Diabetes Mellitus and Alternative Medicines
The research was done to determine the frequency, effectivity, expenditure, types, beliefs, perception and attitude of those patients with diabetes mellitus on complementary alternative medication (CAM) as they are visiting the outpatient primary care clinics.
A total of two hundred and fifty-two subjects were eligible in the original cohort, among them, twelve declined to take part in the research, and in the end, two hundred and forty were enrolled in the study, and there was a response rate of ninety-five percent. The samples drawn were mostly women with an average age of fifty-five point one four plus or minus ten.
The instruments of variable that were used in the study are clearly defined to be the independent variables. The SPSS v.19 was used to analyze the data. Descriptive statistics such as standard deviation, percentages, frequencies, and means were calculated. Chi-square was used to determine the relationship between social-demographic factors such as race, gender, religion, and alternative medications usage. The predictors of alternative medication were identified using multivariate logistic regression.
Twelve participants refused to participate, lowering the number of samples from 152 to 140. This increases the chance of having a type I error in the research, though the numbers of participants who dropped were not large enough to complicate the whole process.
The results relate to the previous studies that associate the complementary alternative medication with preventive health behavior. According to Robinson, et al. (2002), those who use alternative medicine for treatment of diabetes are 1.5 times less likely to have advanced effects of diabetes compared to those who are not taking any medication. It also relates to the studies that stated the frequency of alternative medication intake in Diabetes Mellitus patients has a broad range of 17–72.8 percent due lack of reliable supporting data (Hutch, R. A. (2011).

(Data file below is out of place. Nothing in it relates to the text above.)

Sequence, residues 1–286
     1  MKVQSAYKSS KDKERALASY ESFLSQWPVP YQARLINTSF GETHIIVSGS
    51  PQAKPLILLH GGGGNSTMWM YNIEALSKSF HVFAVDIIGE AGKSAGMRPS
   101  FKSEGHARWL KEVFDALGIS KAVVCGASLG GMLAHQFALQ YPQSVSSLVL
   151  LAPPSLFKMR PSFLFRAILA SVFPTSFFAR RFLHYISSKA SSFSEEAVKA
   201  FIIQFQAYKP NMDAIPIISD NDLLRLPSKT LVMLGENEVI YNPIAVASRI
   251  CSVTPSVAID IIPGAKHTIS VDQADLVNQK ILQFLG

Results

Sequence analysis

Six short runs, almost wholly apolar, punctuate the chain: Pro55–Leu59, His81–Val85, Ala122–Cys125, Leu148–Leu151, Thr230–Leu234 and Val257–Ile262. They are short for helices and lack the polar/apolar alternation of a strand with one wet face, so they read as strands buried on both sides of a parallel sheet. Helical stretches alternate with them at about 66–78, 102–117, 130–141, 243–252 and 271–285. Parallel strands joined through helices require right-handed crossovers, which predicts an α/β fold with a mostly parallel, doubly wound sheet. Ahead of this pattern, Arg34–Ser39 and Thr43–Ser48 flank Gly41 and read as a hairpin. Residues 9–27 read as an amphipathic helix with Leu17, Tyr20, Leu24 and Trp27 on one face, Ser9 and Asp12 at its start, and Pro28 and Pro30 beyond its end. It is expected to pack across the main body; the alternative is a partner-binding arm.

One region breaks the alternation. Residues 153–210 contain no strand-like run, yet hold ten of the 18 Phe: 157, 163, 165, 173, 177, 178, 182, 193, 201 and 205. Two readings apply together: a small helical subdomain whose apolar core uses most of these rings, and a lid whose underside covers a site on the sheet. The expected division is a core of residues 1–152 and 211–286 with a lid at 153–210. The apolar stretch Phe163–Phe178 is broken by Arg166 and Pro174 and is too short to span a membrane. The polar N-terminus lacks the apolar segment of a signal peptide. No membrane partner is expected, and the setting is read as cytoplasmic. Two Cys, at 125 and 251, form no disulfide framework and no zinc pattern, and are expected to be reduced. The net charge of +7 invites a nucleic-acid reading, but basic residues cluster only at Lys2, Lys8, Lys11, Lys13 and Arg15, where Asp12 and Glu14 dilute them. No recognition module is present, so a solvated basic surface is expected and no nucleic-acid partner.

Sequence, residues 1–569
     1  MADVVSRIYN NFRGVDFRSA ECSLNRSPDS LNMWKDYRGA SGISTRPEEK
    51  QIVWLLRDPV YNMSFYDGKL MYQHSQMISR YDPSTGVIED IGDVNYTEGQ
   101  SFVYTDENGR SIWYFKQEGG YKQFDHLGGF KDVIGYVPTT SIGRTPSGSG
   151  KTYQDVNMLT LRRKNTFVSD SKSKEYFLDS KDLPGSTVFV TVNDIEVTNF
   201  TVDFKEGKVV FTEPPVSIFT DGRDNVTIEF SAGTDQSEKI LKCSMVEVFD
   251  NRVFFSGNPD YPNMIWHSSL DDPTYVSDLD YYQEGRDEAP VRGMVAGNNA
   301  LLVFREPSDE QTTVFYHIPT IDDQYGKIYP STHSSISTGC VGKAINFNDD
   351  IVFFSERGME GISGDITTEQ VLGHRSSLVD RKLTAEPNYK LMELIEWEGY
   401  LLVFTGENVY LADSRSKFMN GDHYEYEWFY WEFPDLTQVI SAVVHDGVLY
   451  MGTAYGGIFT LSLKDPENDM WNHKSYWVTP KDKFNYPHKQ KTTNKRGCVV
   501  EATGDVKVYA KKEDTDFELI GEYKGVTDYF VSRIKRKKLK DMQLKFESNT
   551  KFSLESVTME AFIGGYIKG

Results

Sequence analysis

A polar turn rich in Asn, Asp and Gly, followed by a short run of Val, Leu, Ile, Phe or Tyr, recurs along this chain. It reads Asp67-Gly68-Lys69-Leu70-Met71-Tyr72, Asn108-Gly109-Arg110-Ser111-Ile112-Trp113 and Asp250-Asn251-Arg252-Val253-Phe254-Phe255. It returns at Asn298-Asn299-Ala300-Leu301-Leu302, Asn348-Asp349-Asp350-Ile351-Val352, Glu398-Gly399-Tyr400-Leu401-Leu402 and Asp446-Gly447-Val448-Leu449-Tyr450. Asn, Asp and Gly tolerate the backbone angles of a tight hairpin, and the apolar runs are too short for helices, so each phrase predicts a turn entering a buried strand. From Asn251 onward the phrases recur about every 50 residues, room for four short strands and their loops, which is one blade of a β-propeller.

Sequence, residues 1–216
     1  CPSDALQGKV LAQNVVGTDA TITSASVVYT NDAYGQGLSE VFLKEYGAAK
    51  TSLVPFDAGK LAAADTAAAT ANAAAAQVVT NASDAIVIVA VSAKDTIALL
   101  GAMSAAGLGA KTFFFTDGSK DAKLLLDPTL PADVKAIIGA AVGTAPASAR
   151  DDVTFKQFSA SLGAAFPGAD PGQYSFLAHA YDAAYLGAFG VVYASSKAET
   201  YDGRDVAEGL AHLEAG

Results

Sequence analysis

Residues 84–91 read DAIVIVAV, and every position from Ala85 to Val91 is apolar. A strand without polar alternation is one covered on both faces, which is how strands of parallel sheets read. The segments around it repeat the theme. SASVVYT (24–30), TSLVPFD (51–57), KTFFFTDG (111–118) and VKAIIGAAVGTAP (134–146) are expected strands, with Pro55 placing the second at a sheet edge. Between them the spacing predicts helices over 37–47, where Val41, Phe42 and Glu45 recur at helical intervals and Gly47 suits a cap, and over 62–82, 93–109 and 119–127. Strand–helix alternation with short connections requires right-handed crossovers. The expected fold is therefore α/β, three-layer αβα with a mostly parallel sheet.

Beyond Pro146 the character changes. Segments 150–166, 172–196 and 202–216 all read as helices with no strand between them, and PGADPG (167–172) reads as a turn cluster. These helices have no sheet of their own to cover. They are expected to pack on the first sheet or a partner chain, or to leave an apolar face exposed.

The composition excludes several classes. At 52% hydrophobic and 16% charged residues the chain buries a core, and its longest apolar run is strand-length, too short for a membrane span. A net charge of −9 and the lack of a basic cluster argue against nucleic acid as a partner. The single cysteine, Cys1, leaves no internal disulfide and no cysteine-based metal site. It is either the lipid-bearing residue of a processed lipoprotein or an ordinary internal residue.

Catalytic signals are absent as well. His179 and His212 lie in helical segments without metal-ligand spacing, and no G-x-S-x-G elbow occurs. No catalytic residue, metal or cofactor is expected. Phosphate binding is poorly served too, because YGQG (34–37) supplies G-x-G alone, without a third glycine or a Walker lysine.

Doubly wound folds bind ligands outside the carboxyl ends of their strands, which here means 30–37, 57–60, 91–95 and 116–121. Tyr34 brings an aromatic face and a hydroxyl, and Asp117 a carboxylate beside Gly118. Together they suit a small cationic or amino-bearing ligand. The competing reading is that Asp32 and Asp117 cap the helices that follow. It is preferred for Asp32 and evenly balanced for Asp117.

The study has implications on the clinical issues since some of the ethnic groups have failed to take the western medication but solely rely on the complementary alternative medication (Hutch, 2012).
1. Hutch, R. A. (2011). Health and Healing: Spiritual, Pharmaceutical, and Mechanical Medicine. Journal of Religion and Health, 52(3), 955-965.
2. Manya, K., Champion, B., & Dunning, T. (2012). The use of complementary and alternative medicine among people living with diabetes in Sydney. BMC Complementary and Alternative Medicine, 12(1), 307-319.
3. Robinson, A. R., Crane, L. A., Davidson, A. J., & Steiner, J. F. (2002). Association between Use of Complementary/Alternative Medicine and Health-Related Behaviors among Health Fair Participants. Preventive Medicine, 34(1), 51-57.